Sheriff’s misdirection on police opinion evidence in drugs case did not lead to miscarriage of justice
A man found guilty of being concerned in the supply of cocaine who claimed that the sheriff misdirected the jury over how they were to treat opinion evidence from a police officer has had an appeal against his conviction refused.
The Appeal Court of the High Court of Justiciary agreed that the sheriff’s failure to provide guidance to the jury about how they should evaluate the opinion evidence of the STOP officer was an “error”, but ruled that there was no “miscarriage if justice” because there was an “abundance” of incriminating evidence against the appellant.
Lord Menzies, Lord Brodie and Lady Clark of Calton heard that the appellant Darrell Mitchell, 44, went to trial in August 2016 together with his former co-accused and nephew, David Buchanan, at Kilmarnock Sheriff Court on an indictment containing four charges of being concerned in the supply of, respectively, cocaine, cannabis, cannabis resin and methylethcathinone.
On the second day of the trial, David Buchanan pled guilty to charges three of the four charges, but the appellant maintained his plea of not guilty to all charges and lodged a special defence of incrimination against his co-accused.
Statement of Opinion
The Crown led David Buchanan and other witnesses, including Police Sergeant Kenneth Simpson who gave evidence under reference to a report entitled “Statement of Opinion” (the STOP report) in relation to drugs and certain other articles which had been seized by other police officers in the course of their investigations.
The jury, by a majority verdict, found the appellant guilty of charge 1 and by a majority found charges 2, 3 and 4 to be not proven; charge 1 being to the effect that he and his former co-accused had been concerned in the supply of cocaine.
On behalf of the appellant, it was submitted that the sheriff had failed to direct the jury about the use of opinion evidence. She had identified what was meant by direct evidence and circumstantial evidence but she had said nothing about opinion evidence. In particular, she had failed to direct the jury as to how they should evaluate the opinion evidence of the STOP officer, and how his evidence might be used in the determination of the issues in the case.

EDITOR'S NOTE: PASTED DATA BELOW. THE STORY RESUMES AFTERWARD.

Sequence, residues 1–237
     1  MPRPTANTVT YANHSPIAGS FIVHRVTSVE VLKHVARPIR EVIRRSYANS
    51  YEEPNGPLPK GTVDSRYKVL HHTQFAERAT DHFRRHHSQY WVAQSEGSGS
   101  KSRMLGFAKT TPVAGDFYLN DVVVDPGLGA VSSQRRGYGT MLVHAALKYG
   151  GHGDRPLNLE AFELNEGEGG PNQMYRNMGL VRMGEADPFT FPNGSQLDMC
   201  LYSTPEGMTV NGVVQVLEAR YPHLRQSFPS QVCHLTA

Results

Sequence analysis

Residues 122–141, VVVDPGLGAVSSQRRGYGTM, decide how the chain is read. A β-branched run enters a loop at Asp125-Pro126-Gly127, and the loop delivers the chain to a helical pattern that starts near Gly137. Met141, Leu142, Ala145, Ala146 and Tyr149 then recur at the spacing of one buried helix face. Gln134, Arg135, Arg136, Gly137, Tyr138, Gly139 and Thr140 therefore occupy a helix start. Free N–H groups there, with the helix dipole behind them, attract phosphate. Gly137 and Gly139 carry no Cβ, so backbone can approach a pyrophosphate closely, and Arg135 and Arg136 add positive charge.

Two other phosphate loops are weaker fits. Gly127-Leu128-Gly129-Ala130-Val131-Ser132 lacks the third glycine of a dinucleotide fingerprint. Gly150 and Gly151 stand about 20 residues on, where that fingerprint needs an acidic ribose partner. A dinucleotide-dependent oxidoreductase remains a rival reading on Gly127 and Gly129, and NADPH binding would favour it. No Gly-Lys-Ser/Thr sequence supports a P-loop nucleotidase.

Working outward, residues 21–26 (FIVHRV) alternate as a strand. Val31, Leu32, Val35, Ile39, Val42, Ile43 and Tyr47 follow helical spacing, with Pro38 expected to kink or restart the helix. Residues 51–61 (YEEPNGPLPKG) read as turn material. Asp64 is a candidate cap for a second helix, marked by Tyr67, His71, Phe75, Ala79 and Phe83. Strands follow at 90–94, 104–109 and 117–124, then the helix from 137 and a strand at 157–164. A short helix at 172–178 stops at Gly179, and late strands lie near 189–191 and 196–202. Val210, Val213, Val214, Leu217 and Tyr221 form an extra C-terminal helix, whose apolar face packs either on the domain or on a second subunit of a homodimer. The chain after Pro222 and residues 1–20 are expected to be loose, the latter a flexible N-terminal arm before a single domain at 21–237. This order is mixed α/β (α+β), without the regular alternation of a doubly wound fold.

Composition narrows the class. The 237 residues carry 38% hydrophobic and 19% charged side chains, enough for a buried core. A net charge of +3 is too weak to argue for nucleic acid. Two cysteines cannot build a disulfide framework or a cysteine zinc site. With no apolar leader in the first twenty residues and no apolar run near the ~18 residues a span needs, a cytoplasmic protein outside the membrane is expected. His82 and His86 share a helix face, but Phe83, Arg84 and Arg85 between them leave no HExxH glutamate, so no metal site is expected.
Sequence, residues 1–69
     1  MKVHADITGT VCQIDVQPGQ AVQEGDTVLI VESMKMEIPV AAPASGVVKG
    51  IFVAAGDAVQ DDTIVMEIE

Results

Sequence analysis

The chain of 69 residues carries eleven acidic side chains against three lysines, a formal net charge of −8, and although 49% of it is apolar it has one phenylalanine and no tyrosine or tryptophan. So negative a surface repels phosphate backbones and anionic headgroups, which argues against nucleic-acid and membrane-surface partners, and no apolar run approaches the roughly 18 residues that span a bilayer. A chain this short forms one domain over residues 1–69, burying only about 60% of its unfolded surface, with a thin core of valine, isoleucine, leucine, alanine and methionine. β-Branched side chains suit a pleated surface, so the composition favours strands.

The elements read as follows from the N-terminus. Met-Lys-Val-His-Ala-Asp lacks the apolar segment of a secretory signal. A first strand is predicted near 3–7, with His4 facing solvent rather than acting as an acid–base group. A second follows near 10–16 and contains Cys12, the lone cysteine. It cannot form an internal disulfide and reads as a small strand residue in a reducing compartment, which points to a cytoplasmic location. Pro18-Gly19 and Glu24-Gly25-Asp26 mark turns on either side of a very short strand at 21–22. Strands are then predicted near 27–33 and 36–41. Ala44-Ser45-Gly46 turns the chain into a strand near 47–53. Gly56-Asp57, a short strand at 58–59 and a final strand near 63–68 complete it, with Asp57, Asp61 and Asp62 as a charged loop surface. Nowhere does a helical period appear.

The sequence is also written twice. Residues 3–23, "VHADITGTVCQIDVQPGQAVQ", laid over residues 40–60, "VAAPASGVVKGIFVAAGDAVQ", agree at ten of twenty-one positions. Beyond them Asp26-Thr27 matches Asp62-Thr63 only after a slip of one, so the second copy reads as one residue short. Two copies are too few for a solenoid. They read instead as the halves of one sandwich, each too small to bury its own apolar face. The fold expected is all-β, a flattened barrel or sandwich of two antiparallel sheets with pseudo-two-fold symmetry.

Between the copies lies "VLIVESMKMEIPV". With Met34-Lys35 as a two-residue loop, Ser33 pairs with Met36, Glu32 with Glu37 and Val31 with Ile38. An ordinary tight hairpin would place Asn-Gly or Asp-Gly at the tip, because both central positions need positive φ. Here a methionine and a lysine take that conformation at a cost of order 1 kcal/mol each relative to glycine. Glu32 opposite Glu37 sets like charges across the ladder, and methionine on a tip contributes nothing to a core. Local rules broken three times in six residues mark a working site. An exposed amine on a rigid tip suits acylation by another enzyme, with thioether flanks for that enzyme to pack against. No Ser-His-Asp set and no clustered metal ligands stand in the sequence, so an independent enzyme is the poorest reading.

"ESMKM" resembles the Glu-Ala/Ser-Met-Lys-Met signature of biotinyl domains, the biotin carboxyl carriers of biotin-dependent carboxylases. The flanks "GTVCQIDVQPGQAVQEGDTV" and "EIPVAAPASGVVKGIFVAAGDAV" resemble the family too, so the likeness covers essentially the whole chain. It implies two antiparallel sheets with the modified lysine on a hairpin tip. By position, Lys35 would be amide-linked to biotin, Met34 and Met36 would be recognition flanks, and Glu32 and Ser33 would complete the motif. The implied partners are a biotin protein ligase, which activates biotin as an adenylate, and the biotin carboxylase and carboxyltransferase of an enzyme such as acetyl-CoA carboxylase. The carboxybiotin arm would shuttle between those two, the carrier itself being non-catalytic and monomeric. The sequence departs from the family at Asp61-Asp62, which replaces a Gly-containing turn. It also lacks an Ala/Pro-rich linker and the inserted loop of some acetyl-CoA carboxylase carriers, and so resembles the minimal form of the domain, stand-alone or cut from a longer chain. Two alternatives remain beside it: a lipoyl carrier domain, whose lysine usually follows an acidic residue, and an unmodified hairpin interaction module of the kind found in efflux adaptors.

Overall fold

The Advocate Depute conceded that there had been a misdirection by way of an omission to say anything about the function of expert evidence. However, there had been no miscarriage of justice. By the time the case went to the jury the issue was not whether there had been an operation for the supply of controlled drugs, rather it was whether the appellant was concerned in that operation, and there had been “ample evidence” implicating the appellant as being concerned in the supply of cocaine.
The sheriff accepted that, other than instructing the jury to treat all witnesses in the same way, “whether they are lay people, police officers, scientists”, she gave no specific directions as to expert evidence.
The appeal judges observed that the jury was left with “no guidance” as to what they were entitled to make of the apparently authoritative opinions of Sergeant Simpson on the various matters in respect of which he was invited to express a view, which was an error on the part of the sheriff.
No miscarriage of justice
Delivering the opinion of the court, Lord Brodie said: “What was required was a relatively brief explanation of the nature and purpose of Sergeant Simpson’s evidence and the distinction between his function as a witness and the jury’s function as decision-makers.
“The following points should have been made about the sergeant and his evidence: his function was to provide general information based on his special knowledge and experience of matters with which the jury would not be familiar with a view to assisting the jury in assessing the primary evidence led in the case; he was to be treated in the same way as any other witness in the sense that it was for the jury to assess his evidence in order to determine whether they believed his evidence and whether they found it reliable; because of the sergeant’s special knowledge and experience (if accepted by the jury) he might be asked to give an opinion as to what might be inferred from the primary evidence; the jury were however free to accept or reject such an opinion, or indeed anything else said by the witness; and, while the jury were entitled to have regard to what the witness had to say, the decision as to whether it had been proved beyond reasonable doubt that the accused had been concerned in the supply of any of the controlled drugs referred to in the charges was for the jury and for the jury alone.”
However, the judges held that there had not been a miscarriage of justice.
Lord Brodie explained: “Having rehearsed the police officer’s evidence, the sheriff told the jury that it was their decision as to whether a charge had been proved. In the circumstances of this case, where there was no competing expert testimony, no dispute as to the accuracy of the factual matters spoken to by Sergeant Simpson and the issue had come to be not whether there was an operation for the supply of controlled drugs (including cocaine) but whether the appellant was concerned in that operation and in respect of what drugs, the sheriff’s failure to give a direction on the STOP officer’s evidence was not material.
“There was an abundance of evidence before the court for the jury to draw the necessary inference that the appellant was involved in supply, and their verdict was discriminating in that the appellant was only convicted of the charge of concern in the supply of cocaine; he was acquitted of the charges relating to the other controlled drugs. A number of highly incriminating items were found in the van owned and driven by the appellant and the garage which he rented and for which he held the key.”
© Scottish Legal News Ltd 2020